Novelist Francisco Goldman talks about José Martí, a seminal figure in the birth of the Cuban nation. The talk focuses on Martí’s years in exile in New York (1878-1895), where he worked as a journalist, and later organized and raised funds for the revolutionary force which would eventually overthrow the Spanish. Goldman’s informative history is followed by a reading of several excerpts from Martí’s prose, including a piece about the 1884 presidential campaign between James G. Blaine and Grover Cleveland, in which Martí makes the following ever-timely remarks:
It’s hard and nauseating, a presidential campaign in the United States. The mud comes up to the chairs. … They lie and exaggerate knowingly. They stab each other in the belly and in the back. Every defamation is treated as legitimate. Every blow is good, as long as it staggers the enemy. He who invents an effective slander can strut proudly. An observer of good faith has no idea how to analyze a battle in which everyone considers it legitimate to campaign in bad faith.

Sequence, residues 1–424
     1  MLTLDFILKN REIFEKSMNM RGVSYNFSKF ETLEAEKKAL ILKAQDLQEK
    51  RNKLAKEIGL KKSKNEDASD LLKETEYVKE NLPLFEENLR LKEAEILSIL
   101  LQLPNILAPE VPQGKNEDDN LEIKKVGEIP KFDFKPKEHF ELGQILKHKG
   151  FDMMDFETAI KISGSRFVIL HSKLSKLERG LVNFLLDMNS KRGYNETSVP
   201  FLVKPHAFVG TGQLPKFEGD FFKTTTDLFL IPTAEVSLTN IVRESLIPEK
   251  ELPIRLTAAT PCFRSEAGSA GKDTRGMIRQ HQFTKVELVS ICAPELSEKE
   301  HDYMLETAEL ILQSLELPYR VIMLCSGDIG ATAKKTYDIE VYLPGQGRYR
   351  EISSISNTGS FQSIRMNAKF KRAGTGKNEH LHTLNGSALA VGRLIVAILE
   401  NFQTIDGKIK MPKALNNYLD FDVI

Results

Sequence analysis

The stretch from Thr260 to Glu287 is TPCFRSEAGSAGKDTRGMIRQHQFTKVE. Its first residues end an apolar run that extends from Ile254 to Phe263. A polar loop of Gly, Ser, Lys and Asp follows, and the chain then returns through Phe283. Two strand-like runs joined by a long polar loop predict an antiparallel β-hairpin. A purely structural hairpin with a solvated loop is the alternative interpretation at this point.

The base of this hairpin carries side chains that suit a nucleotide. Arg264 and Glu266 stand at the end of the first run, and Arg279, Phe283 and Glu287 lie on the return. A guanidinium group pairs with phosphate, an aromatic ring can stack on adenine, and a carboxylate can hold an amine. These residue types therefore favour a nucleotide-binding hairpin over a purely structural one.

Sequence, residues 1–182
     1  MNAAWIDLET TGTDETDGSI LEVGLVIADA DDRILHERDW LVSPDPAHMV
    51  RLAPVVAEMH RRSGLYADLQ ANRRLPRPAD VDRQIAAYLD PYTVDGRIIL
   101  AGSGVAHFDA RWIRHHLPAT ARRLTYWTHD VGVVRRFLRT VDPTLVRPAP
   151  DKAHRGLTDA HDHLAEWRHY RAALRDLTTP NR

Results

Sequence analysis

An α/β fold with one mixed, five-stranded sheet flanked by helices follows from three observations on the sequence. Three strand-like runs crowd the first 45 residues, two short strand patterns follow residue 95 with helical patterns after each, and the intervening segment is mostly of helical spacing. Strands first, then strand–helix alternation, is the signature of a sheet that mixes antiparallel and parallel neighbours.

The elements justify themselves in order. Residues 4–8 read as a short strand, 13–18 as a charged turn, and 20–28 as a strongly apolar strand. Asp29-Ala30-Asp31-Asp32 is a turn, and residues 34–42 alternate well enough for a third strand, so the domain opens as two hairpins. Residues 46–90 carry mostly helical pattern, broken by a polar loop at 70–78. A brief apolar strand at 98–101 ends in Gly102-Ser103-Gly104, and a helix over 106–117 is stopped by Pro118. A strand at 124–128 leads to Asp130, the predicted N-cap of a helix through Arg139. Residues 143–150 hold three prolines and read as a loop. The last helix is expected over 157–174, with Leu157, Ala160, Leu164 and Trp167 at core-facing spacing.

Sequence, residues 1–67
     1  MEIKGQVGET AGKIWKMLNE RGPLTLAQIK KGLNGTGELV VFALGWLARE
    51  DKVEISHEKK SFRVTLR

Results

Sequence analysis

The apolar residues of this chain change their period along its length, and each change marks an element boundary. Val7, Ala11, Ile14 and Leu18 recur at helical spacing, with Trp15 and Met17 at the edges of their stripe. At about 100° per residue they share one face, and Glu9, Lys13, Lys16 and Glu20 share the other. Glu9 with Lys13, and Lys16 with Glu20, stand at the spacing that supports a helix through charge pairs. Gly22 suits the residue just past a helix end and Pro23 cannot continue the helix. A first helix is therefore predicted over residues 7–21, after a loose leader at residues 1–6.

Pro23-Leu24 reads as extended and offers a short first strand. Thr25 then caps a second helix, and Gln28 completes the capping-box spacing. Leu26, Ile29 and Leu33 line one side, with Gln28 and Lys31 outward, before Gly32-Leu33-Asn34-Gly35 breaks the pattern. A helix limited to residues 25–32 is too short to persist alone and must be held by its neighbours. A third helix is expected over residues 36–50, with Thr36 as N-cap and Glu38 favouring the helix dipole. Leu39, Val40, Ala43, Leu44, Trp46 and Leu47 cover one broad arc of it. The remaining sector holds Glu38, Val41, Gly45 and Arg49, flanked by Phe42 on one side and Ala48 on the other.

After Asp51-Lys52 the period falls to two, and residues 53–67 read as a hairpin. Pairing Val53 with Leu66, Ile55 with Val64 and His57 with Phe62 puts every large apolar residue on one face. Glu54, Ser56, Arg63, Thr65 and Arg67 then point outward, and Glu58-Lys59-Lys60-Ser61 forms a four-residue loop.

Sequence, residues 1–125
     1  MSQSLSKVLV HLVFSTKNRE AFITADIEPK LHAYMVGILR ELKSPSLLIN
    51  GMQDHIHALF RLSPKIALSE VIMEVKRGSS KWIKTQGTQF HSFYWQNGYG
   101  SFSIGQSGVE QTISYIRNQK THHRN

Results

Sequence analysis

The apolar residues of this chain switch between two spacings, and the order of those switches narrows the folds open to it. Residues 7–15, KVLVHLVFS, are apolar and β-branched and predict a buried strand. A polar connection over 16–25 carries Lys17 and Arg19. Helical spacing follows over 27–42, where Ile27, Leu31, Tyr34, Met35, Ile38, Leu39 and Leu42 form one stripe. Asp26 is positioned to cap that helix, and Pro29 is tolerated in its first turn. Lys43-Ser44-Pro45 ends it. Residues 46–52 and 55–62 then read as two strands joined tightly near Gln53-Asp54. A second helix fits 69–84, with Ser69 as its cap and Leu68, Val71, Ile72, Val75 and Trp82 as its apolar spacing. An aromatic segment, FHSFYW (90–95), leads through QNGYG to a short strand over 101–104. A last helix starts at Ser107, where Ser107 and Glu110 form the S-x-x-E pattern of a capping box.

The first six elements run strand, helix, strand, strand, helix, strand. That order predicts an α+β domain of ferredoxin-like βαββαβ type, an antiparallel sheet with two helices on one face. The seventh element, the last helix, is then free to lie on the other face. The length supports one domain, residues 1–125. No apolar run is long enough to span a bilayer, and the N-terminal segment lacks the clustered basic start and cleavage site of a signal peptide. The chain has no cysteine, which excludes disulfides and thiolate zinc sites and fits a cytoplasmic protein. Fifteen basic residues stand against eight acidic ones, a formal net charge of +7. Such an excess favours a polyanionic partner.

Goldman also reads from Martí’s “New York Under the Snow,” about the great blizzard of 1888, “Tributes to Karl Marx, Who Has Died,” and a description of the beach at Coney Island containing the memorable line “this immense valve of pleasure open to an immense people.”
From the 2004 Key West Literary Seminar: Crossing Borders: The Immigrant Voice in American Literature. This lecture was given in the auditorium of the San Carlos Institute, which served as Martí’s operational base in Key West, and which each January hosts all KWLS readings, discussions, and lectures. Goldman will be joining us again in 2009, when we turn to Historical Fiction and The Search for Truth. His novel The Divine Husband (2004) is an account of the love affair between Martí and María de las Nieves, famous throughout Latin America as “La niña de Guatemala, La que se murió de amor” (the girl from guatemala, she who died from love).
(48:20) / 22 MB
From KWLS 2004: Crossing Borders